The challenge is simple.
Random tiny Chinese Restaurants.
One American Chopsuey.
Location: The Golden Fork (Oshiwara)
Order: Chicken sweet corn soup, American Chopsuey, fresh lime soda, Thums Up
So now this place looked tiny and dingy from the outside, making it the ideal next stop for the Chopsuey Challenge. On entering though, it seemed like a pretty decently done up restaurant with nice little lampshades (highly tempting to steal for home), and two waiters. I should probably not include the furnishing and the waiters in one sentence, but believe me, there was good enough reason to do that.
The order was taken fast enough. We were starving and thirsty, and specially asked for the drinks to be brought in immediately.
We waited. And waited. The hunger made the wait seem longer, but I do think they were on time with the food.
But that’s the problem.
They got the soup.
We called the waiter and reminded him about the drinks. Now here’s a problem I seem to face with a lot of waiters. They start nodding halfway through your sentence, and suddenly their eyes are glazed and concentrating on the kitchen door or a table on the other side of the room, and you know you’ve lost them. So while the waiter heard “Fresh lime and Thums Up”, I’m really not sure whether he heard what to do with them.
So we waited.
The soup was removed.
We called waiter number 2. Who nodded after the first two words itself, and headed back to the main door. Not his table. Not his headache. Clearly.
The food came.
We concentrated on the couple behind us who were trying to concentrate on each other waiting for their food and drinks. We wondered if he was aerating the drinks himself, however gross that sounds.
And then he emerged, victorious, our knight in shining armour, with a tray full of drinks for all the tables. A collective sigh of relief went through the restaurant. The supposed bar was finally open. The fresh lime was placed in front of us. The Thums Up was shown to us, then slid out from right under our noses and displayed on top of the cupboard, for us to drool over, while he served fresh lime everywhere else. I could half imagine Akshay Kumar doing a super dive across the restaurant for it, but alas, us mere mortals, sat there and waited in-stead.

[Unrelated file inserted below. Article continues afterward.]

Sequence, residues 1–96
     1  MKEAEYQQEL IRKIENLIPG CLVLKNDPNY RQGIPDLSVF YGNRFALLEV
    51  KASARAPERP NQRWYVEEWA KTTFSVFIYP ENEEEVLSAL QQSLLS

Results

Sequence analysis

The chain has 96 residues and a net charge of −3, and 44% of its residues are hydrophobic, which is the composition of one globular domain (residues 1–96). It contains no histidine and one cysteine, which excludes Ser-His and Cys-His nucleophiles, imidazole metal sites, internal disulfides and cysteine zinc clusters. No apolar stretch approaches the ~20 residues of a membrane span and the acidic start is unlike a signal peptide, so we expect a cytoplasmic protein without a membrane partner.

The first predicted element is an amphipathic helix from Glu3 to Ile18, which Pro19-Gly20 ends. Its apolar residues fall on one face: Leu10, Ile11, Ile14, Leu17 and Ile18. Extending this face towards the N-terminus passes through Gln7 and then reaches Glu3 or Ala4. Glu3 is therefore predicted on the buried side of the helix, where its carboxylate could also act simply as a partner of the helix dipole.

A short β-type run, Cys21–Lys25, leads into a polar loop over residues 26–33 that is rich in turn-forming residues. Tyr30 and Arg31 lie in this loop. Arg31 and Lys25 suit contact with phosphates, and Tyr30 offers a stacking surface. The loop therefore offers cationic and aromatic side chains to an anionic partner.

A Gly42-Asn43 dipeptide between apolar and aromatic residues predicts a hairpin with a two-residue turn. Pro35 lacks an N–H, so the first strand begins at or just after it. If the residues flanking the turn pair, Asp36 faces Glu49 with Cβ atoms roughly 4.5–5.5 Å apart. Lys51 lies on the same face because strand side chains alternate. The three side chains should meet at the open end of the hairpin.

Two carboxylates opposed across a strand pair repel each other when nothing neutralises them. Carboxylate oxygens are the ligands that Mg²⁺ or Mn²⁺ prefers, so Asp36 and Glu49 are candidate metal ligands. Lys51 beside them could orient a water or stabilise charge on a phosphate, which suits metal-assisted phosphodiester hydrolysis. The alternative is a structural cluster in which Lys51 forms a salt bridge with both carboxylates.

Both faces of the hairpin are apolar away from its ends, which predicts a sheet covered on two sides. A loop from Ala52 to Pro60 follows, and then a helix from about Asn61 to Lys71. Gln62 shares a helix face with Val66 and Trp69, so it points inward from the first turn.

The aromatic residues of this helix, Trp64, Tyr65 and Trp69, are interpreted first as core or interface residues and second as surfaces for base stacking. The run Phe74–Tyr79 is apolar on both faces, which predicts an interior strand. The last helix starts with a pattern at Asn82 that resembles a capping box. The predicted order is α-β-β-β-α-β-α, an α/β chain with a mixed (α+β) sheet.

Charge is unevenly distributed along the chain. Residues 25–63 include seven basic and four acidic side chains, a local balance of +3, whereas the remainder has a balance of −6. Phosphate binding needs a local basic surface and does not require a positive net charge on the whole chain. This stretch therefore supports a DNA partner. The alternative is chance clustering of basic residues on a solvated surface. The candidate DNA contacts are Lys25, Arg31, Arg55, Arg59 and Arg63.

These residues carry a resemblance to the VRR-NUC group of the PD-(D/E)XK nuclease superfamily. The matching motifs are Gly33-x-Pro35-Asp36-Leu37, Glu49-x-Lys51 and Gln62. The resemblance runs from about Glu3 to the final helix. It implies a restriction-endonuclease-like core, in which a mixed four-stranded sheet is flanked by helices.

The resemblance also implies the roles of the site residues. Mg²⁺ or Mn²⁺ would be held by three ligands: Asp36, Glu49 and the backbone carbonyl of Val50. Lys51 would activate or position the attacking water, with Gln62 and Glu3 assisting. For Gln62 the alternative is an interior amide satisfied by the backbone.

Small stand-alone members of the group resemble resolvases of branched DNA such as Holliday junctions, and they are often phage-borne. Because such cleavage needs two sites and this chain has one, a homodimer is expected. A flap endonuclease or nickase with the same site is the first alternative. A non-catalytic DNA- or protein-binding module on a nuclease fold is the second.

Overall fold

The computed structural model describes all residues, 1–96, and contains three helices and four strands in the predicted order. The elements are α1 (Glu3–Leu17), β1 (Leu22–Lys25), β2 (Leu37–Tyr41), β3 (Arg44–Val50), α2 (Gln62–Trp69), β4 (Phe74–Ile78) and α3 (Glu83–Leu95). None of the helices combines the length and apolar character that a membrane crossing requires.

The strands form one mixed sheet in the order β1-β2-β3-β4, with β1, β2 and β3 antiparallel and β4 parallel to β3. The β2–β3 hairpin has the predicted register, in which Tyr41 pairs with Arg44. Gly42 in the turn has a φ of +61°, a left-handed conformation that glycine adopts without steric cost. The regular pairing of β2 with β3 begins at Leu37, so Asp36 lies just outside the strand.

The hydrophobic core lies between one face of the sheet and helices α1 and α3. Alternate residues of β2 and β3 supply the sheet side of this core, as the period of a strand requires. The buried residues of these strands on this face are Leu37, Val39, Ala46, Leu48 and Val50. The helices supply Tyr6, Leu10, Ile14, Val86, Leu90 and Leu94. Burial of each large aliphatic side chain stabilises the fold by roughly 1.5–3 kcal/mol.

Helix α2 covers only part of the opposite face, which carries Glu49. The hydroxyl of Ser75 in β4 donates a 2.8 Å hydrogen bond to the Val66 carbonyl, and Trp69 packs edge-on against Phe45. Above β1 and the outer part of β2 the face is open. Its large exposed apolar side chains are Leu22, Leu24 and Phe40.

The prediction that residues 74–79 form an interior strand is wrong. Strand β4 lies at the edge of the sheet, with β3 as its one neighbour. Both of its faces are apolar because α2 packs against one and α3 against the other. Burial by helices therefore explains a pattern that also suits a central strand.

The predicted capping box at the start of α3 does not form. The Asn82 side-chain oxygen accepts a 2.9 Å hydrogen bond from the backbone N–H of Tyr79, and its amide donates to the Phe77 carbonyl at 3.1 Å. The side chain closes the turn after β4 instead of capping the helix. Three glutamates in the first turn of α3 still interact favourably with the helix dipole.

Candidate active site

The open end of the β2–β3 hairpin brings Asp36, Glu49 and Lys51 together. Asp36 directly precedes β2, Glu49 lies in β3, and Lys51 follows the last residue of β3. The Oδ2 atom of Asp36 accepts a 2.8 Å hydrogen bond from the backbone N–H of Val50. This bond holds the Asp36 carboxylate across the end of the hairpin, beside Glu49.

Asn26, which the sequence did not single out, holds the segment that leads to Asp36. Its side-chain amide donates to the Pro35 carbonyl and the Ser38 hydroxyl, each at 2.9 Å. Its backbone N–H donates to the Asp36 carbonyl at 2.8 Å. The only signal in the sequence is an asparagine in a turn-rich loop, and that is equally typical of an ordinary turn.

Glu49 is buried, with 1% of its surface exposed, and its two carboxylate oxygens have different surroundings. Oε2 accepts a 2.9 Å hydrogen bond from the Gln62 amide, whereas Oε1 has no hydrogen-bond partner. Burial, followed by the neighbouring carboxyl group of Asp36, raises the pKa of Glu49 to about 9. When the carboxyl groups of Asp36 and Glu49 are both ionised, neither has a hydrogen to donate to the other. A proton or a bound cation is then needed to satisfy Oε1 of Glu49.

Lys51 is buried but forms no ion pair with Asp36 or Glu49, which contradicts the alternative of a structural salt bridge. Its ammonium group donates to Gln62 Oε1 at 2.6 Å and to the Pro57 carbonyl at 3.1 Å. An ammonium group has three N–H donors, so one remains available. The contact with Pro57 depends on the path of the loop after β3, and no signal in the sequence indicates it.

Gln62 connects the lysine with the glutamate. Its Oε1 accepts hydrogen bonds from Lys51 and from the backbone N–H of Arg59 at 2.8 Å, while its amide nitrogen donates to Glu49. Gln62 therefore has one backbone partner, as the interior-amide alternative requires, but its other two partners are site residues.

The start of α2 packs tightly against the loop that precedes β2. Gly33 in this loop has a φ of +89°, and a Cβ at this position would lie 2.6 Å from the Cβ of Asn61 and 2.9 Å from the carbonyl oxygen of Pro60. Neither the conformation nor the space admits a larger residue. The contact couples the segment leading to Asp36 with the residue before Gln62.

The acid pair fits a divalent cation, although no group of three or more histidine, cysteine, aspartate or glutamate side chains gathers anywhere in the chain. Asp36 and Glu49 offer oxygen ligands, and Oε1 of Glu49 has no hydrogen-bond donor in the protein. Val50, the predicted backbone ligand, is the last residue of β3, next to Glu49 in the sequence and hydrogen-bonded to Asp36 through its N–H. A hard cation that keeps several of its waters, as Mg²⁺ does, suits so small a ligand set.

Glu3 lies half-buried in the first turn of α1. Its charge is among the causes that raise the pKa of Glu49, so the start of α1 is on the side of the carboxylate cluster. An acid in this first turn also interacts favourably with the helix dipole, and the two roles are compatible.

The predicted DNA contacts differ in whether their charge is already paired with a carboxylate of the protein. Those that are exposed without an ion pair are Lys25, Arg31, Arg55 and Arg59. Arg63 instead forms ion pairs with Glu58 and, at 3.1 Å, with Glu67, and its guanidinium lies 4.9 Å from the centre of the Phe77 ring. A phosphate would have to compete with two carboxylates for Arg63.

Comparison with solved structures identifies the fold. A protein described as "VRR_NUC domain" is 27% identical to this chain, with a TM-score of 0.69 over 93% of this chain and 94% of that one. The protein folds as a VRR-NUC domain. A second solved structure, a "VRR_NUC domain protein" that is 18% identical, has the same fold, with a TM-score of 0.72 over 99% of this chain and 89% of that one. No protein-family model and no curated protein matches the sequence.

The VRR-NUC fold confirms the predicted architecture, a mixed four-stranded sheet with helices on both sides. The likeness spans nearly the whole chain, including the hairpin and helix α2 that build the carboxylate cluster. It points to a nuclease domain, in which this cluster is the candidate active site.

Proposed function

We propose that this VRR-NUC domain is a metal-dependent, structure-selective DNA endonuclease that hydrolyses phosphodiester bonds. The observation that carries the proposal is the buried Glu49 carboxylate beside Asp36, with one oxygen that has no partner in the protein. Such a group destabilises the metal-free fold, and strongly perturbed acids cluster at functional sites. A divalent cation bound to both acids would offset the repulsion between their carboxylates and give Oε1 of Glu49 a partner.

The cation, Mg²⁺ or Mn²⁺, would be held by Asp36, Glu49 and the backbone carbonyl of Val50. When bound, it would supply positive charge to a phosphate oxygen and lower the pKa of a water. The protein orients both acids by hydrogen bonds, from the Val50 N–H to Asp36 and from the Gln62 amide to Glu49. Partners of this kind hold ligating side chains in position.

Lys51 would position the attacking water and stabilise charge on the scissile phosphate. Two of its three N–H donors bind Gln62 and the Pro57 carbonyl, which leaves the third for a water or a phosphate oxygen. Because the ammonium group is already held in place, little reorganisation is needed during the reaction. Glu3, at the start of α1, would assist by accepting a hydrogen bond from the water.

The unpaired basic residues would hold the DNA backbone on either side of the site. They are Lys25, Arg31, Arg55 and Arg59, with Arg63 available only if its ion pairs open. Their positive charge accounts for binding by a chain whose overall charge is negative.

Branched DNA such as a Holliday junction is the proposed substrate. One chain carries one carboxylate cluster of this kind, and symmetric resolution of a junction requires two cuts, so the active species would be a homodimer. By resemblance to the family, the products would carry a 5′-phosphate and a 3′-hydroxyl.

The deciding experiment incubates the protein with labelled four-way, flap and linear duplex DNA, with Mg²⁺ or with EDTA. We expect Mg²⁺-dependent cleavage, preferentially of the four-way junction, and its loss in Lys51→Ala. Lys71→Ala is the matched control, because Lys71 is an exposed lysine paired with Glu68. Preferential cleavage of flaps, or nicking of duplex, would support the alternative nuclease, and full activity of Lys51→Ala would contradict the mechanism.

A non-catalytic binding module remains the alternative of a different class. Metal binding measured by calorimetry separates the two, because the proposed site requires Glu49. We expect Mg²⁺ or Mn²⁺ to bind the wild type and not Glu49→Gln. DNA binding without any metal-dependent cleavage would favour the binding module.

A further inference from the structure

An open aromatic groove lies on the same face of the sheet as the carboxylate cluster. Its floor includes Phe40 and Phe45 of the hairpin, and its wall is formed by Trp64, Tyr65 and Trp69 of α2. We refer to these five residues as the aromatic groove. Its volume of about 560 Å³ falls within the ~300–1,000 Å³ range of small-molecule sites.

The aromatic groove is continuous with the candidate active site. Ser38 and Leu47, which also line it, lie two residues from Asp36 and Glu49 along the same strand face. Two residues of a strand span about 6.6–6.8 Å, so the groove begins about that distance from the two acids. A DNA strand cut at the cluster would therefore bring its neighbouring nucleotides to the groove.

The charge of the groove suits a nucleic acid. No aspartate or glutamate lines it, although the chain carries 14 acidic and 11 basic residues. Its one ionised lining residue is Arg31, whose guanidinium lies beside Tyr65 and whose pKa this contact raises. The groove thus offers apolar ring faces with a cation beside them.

The sweet corn soup was standard, so was good. The chopsuey itself, I don’t really feel like writing about. It just wasn’t right this time. The noodles were a little too thick. So eventually, in-stead of the tangy-sweet taste of the sauce, all that was left was the floury aftertaste of the noodles. As for the sauce itself, it wasn’t sweet, and that turned me off completely. Just a few things that I wish Chinese restaurants would keep in mind when making American Chopsuey:
- It is supposed to be sweet. Sugar is one of the ingredients.
- It is not supposed to have chunks of tomato in it.
- An omelette on top is usually a better topping than a sunny side up egg, specially when the yolk starts leaking all over the chopsuey. But that’s more of a personal preference, so I don’t hold that against anyone.
Overall, the chopsuey wasn’t to my liking.
But that’s ok, not all chopsueys can match up to perfection now, can they?
American Chopsuey trivia of the week: Did you know that you’ll barely ever find American chopsuey in the Chinese restaurants in America?